Edward Mawley was not a native of Berkhamsted but lived here for the last 31 years of his life, where he pursued his interest in horticulture, especially his love of roses and dahlias and his deep interest in meteorology all of which brought him national recognition. At the same time he took an active interest, together with his wife, in the affairs of the local community. He was born in Blackheath of a well-to-do family. He trained as an architect at the South Kensngton School of Art where he gained a medal. He practised for several years.
Soon after 1870, he gave up his practice on the grounds of ill-health, and devoted himself instead to horticulture and meteorology. From 1874-75 Edward and a friend made a round trip to Australia on board SS Sobraon. He made careful thermo-metrical observations and on his return applied to join the Royal Meteorological Society.
In June 1885 he married Bertha Turney Briggs in St Michael’s Church, St. Pancras and shortly afterwards they moved to Berkhamsted. Bertha shared her husband’s love of roses and horticulture. They moved to Sunnyside House in Gravel Path and renamed it Rosebank.
Edward set up an observatory which was described as the ‘most complete private meteorological station in the country’ He regularly contributed reports to various magazines. For the Hertfordshire Constitutional Magazine he gave monthly reports including soil temperatures, humidity, wind speeds, hours of sunshine and amount of rain. Of July 1888 he wrote “One of the coldest, wettest and most dreary Julys ever known. …In the last 32 years we have had at Berkhamsted only three Julys as wet as this one.”
Not only was Edward active in the Royal Meteorological Society but he was also very active in the National Rose Society being Secretary for many years and later President and also President of the National Dahlia Society. With Gertrude Jekyll he published Roses for English Gardens. His contribution to horticulture was acknowledged when he was awarded the Victoria Medal of Honour (VMH) by the Royal Horticultural Society.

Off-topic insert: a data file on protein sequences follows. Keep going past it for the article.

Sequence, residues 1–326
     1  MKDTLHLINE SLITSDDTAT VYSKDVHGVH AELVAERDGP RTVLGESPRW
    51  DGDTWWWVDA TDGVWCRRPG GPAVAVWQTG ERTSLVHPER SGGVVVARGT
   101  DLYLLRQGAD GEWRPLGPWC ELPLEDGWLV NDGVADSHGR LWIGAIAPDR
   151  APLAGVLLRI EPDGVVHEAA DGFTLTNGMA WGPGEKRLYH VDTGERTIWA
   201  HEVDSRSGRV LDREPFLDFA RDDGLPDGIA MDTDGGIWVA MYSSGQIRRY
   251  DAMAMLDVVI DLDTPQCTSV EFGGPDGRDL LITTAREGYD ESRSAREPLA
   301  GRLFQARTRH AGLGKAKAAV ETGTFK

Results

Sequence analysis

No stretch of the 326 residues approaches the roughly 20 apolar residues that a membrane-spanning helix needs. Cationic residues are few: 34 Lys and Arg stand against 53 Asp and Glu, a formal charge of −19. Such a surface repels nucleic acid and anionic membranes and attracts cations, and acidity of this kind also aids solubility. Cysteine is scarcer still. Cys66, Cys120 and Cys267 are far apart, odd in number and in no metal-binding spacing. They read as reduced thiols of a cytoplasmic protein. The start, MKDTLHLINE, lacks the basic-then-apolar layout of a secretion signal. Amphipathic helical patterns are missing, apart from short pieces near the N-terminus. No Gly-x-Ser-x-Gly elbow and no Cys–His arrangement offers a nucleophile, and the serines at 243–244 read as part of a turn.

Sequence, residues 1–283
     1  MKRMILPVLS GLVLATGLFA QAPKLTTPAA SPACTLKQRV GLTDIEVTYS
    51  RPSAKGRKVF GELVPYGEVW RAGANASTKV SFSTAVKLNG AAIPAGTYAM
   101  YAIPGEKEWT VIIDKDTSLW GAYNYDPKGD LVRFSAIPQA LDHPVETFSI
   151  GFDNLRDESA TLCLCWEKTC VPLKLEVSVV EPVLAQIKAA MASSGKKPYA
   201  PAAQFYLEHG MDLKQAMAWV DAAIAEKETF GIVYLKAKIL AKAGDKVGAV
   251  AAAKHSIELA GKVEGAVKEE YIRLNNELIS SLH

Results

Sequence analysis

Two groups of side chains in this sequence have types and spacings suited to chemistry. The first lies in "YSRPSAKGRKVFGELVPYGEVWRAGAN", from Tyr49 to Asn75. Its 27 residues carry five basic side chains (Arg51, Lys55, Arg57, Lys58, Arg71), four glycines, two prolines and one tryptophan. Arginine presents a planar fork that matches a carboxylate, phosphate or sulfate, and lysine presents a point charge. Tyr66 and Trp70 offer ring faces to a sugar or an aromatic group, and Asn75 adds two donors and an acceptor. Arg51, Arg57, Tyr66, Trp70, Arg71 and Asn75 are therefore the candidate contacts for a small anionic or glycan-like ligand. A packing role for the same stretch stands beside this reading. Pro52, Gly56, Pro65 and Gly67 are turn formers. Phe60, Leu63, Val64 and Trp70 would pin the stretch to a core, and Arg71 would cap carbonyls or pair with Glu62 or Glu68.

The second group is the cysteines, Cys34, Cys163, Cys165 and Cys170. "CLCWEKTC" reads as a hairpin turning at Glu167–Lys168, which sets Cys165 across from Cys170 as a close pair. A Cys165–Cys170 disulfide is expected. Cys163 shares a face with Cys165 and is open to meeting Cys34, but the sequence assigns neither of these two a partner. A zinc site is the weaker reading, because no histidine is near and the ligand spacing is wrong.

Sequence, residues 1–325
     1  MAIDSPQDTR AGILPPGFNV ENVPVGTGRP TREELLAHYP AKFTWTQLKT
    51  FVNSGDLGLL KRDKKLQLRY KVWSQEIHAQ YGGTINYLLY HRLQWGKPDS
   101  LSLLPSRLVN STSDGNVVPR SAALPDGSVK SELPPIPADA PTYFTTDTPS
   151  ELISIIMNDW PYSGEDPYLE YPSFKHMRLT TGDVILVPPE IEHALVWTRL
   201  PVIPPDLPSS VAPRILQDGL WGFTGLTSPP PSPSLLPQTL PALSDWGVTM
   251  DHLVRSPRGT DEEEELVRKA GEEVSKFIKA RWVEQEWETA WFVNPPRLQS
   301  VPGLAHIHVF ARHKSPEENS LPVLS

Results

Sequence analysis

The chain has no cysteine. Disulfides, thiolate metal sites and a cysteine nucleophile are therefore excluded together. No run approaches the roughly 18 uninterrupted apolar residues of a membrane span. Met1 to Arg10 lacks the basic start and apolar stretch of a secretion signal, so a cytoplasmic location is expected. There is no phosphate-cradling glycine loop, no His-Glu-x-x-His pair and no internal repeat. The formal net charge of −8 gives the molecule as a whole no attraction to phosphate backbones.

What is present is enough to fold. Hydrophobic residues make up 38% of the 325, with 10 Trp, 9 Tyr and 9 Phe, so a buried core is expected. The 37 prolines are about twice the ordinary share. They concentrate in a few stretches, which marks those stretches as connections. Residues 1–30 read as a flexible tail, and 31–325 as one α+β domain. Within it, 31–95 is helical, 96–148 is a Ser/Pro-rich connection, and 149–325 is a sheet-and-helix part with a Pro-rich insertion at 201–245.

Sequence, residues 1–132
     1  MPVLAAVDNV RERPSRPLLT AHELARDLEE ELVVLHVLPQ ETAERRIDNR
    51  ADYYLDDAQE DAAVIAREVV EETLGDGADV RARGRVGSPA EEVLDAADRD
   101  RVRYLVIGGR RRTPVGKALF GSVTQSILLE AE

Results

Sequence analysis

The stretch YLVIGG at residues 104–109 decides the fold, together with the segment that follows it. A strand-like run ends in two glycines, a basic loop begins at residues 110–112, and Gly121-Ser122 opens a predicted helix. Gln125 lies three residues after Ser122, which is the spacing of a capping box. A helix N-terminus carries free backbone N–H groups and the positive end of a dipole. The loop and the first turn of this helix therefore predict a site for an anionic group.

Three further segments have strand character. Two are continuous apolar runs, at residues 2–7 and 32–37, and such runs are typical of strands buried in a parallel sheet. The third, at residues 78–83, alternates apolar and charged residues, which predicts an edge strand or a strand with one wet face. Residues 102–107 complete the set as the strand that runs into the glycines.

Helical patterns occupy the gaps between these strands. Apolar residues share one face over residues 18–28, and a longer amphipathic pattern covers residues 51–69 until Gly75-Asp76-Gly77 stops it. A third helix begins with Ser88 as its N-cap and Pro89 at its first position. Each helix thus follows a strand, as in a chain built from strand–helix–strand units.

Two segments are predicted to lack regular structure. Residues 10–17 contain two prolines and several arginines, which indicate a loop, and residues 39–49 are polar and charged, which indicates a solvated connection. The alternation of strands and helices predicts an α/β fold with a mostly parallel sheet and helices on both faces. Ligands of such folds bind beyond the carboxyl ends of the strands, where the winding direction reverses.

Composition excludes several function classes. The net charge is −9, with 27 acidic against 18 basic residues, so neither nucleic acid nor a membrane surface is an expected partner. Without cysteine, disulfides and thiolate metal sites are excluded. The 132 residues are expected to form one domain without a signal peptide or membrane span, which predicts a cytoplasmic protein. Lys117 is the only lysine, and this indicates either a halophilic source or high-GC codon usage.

He encouraged the formation of ‘Form Gardens’ at Berkhamsted Girls’ School and judged the gardens in an annual competition. In the wider community he campaigned to raise money to purchase an ambulance for the people of Berkhamsted and Northchurch to get to West Herts Infirmary. It was to the people of Sunnyside that Edward and his wife contributed most, being active in the establishment of the Mission Church in George Street, then the Tin Tabernacle in Ivy House Lane and finally in the building of the permanent church, consecrated in 1909 where he was Churchwarden for a number of years.
Edward Mawley died on 15th September 1916 at the age of 74 after a short illness. A Special Vestry meeting paid tribute to his work for the Church and people of Sunnyside: “By his gentle Christian character he had endeared himself to all.” The National Rose Society presented a stained glass window to the church. A plaque nearby states ‘This window was given by friends of the National Rose Society in memory of Edward Mawley VMH who was Hon. Secretary to the Society from 1878-1914, and President from 1915-1916.